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All about fraud

If you’ve been a subscriber to Apex for a while, you probably picked up on how I love a good heist. I don’t like the theft but I enjoy the meticulous planning and execution. Something about a bunch of things lining up tickles the sliver of OCD I have.

I’m less a fan of outright fraud. But I do enjoy reading about elaborate ruses because if those people used their skills “for good,” they probably could make even more than through fraud.

Case in point – have you heard of Rudy Kurniawan? He was the subject of a 2016 documentary “Sour Grapes,” which chronicled the elaborate lengths he went through to forge wine.

A True-Crime Documentary About the Con That Shook the World of Wine [The New Yorker] – “Rudy Kurniawan was a rich twenty-something with a naïve fondness for wine when he first started rubbing elbows with the high rollers at wine auctions, in the early two-thousands—“Just a geeky kid drinking Merlot,” as one veteran collector recalls. But he quickly developed a taste for Burgundy, a far more complex realm of connoisseurship, and was soon spending a million dollars every month on wine, much of it at boozy dinners with luminaries like the wine critic Robert Parker, who found Kurniawan to be a “very sweet and generous man.” Like other wealthy collectors, Kurniawan also sold treasures from his cellar. In 2006, the auction house Acker Merrall & Condit broke records selling off thirty-five million dollars’ worth of his wines.”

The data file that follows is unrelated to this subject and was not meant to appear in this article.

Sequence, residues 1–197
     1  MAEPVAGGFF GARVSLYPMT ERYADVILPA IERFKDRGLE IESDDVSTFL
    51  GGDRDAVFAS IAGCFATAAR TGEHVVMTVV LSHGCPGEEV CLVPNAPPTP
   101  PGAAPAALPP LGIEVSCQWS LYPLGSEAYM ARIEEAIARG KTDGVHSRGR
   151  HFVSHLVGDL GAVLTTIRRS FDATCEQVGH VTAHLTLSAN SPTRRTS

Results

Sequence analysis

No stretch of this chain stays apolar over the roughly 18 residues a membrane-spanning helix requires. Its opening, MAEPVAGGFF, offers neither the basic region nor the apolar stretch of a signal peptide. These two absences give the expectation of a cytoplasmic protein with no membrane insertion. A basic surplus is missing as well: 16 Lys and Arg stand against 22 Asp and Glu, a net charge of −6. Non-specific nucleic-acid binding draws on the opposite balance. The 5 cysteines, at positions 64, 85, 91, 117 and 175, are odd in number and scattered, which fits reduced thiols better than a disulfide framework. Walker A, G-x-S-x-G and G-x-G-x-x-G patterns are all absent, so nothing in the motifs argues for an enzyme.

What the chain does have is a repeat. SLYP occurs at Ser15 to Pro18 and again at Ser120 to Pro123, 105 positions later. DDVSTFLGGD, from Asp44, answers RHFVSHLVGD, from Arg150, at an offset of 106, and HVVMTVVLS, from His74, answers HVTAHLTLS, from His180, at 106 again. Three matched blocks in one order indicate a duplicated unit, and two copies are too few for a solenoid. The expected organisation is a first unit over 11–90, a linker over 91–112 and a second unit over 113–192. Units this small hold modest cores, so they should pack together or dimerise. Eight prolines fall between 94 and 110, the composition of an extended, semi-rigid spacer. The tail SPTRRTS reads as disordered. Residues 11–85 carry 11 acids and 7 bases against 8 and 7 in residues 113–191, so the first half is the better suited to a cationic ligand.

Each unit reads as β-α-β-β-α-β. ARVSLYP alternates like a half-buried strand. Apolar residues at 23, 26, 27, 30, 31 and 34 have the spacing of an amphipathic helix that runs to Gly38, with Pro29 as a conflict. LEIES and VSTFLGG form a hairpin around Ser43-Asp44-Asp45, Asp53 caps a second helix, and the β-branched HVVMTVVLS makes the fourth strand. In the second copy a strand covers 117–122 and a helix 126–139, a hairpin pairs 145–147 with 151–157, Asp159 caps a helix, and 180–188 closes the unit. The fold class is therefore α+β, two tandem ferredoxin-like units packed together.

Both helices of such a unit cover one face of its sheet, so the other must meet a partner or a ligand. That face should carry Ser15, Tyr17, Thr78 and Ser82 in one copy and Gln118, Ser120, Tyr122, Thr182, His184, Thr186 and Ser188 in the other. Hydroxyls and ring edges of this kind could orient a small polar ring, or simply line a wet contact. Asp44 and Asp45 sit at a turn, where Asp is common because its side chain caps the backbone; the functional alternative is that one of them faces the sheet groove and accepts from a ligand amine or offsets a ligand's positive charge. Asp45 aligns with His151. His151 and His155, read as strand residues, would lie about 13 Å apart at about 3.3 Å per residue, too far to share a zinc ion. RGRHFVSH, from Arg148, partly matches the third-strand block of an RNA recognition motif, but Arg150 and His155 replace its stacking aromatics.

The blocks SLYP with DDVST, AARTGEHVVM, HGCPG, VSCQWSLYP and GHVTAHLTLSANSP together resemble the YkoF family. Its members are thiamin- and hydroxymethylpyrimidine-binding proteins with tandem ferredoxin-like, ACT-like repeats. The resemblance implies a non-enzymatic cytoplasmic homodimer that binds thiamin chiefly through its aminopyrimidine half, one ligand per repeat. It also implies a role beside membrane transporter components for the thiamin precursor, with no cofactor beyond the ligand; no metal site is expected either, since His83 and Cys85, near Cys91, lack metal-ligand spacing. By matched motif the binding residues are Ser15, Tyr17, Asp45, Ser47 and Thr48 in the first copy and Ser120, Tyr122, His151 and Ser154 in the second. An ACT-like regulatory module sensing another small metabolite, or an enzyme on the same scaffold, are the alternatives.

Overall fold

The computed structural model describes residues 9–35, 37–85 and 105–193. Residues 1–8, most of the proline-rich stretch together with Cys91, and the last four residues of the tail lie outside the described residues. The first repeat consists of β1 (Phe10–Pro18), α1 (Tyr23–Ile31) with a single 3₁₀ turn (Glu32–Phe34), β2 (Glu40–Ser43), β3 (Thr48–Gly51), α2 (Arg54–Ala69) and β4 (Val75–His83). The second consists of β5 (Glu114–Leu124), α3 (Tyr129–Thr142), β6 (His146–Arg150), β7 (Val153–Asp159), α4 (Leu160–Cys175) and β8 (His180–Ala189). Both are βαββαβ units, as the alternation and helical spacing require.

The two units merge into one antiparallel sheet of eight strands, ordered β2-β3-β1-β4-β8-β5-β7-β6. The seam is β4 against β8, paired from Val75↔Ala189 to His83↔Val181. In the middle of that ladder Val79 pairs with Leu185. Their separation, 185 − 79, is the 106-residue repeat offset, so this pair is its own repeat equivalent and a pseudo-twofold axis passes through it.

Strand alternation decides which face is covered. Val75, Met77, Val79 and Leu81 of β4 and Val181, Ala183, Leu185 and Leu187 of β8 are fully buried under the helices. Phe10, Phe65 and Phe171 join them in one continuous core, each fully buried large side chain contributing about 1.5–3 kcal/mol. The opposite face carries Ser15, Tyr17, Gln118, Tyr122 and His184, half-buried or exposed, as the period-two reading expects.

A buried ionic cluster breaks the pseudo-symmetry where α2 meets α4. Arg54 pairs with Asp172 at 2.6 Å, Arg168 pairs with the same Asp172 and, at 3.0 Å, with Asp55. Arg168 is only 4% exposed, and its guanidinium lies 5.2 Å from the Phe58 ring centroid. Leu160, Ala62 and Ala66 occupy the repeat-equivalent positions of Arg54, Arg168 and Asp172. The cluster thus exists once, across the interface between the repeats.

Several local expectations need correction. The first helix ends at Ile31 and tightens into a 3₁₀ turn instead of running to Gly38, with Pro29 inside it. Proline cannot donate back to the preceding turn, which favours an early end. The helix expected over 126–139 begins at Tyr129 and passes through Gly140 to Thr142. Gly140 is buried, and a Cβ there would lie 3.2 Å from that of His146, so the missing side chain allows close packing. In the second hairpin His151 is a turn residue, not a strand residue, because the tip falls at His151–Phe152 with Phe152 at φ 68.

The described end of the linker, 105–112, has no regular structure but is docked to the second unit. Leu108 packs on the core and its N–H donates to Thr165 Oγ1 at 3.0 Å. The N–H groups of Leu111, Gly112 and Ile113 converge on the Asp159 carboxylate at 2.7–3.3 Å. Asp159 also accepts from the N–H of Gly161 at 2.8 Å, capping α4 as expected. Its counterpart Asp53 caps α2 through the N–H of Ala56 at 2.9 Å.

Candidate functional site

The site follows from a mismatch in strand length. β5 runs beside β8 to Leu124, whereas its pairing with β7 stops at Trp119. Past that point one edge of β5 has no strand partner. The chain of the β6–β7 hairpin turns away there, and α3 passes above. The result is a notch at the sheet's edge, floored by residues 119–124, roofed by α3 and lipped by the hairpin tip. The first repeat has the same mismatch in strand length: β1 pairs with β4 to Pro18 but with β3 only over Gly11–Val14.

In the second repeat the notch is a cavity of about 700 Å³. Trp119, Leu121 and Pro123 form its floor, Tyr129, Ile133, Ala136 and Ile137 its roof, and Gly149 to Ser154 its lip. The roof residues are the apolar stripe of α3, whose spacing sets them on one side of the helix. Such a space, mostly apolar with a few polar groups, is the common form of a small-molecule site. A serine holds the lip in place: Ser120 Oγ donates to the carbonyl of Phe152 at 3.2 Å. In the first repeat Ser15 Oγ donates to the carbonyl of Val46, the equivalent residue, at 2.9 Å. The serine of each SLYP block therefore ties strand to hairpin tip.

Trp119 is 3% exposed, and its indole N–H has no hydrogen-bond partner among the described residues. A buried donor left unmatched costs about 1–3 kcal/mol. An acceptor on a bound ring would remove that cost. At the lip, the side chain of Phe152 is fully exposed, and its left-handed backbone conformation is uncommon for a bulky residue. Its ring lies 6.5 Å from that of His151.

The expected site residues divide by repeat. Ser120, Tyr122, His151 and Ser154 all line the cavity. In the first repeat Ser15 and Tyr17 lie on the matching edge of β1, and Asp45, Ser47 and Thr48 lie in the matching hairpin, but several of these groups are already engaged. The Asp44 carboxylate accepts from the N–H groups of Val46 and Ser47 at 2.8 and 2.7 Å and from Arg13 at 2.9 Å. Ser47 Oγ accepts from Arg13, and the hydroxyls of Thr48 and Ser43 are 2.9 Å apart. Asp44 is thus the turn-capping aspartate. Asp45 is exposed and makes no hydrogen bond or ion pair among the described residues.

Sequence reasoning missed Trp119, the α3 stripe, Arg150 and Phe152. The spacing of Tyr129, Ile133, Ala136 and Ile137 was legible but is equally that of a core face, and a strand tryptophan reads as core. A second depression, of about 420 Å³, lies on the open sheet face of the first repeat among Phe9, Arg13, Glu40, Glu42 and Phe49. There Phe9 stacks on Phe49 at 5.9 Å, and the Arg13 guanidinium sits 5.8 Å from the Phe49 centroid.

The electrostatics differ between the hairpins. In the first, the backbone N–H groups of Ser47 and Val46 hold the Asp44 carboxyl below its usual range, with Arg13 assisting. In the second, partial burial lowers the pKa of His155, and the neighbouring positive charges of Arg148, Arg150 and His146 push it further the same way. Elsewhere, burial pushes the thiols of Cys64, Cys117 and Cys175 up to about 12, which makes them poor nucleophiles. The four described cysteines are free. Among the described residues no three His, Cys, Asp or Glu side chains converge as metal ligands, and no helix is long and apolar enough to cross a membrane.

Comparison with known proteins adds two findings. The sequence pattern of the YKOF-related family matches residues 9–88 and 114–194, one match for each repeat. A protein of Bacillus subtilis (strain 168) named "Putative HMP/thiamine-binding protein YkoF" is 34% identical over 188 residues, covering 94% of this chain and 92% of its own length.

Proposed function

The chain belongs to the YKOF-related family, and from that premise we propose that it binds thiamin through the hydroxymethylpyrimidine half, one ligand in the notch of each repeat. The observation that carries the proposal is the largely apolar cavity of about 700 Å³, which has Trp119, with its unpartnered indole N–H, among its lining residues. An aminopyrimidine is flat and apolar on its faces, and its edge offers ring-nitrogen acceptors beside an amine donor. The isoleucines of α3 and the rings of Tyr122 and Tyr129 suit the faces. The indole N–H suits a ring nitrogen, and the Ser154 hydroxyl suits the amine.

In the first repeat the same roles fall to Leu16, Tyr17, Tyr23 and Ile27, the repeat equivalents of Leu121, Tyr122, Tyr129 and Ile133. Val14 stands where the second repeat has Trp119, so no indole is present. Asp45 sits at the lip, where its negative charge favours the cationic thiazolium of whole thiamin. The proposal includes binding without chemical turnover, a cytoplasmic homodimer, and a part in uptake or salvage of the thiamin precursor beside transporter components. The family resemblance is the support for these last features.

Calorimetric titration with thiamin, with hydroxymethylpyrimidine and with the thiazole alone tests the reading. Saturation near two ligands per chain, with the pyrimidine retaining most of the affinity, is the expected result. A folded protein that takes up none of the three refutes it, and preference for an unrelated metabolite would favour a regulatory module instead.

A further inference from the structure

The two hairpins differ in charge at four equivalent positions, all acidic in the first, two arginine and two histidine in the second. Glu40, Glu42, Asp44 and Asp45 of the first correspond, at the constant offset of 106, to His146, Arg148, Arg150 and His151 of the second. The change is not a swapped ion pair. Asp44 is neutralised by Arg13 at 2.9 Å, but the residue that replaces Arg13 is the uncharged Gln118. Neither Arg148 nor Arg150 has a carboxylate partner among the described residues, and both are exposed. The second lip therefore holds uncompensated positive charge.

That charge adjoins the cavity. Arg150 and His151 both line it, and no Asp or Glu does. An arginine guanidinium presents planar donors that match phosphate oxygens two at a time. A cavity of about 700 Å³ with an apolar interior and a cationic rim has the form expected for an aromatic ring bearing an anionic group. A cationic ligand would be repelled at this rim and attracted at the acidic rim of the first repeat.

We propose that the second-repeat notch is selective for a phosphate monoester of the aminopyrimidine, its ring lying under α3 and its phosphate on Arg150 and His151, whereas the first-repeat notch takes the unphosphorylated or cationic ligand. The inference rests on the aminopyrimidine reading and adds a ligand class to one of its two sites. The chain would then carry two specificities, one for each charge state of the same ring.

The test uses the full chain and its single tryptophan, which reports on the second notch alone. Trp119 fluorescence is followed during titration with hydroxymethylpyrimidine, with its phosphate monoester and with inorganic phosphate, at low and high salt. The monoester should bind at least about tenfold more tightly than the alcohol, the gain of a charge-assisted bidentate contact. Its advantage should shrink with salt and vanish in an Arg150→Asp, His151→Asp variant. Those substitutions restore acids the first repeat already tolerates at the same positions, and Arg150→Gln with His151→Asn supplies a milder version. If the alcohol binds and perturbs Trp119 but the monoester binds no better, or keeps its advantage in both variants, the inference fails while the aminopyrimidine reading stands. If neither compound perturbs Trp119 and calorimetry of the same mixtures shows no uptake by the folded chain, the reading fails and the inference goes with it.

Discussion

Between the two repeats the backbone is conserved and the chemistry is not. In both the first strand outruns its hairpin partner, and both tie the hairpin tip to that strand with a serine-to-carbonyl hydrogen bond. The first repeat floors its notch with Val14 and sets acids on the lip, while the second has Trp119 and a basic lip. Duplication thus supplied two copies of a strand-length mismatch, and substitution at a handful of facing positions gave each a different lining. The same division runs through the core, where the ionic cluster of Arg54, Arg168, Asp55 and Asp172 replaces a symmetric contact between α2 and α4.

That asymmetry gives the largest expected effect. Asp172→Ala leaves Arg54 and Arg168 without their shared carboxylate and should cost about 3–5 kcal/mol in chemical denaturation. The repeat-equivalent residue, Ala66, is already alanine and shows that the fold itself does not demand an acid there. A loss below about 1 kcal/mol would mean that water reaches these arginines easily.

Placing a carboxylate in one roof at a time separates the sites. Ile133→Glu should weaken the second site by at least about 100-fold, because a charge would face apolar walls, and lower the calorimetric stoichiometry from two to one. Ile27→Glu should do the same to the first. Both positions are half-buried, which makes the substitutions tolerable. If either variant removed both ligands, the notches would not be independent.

Stunning! You can watch the documentary on Netflix.

How fraudsters dupe the art world [The Verge] – “The Civil War-era desk, designed in 1876, looked too good to be true. Ornate, fashioned from walnut, maple, and oak, it was created to honor Union infantryman John Bingham. […] It was also a fake.”

How live-streamed $375k deal for Pokémon cards ended in disaster [The Guardian] – “It had been billed as a record-breaking deal that would make serious investors covet 20-year-old trading cards featuring pictures of cartoon monsters. Instead, a $375,000 (£287,000) cash transaction ended in disaster on Tuesday, when the buyer opened a sealed box that was supposed to be full of rare first-edition Pokémon cards live on YouTube – and found that the contents had been faked.”

“Disaster” is a bit of an overstatement because the buyers never lost their money – they discovered things were amiss on the live stream and kept their money. It’s probably worse for the seller (if you believe he/she wasn’t the perpetrator of the fraud). Still wild though.

Have a great weekend!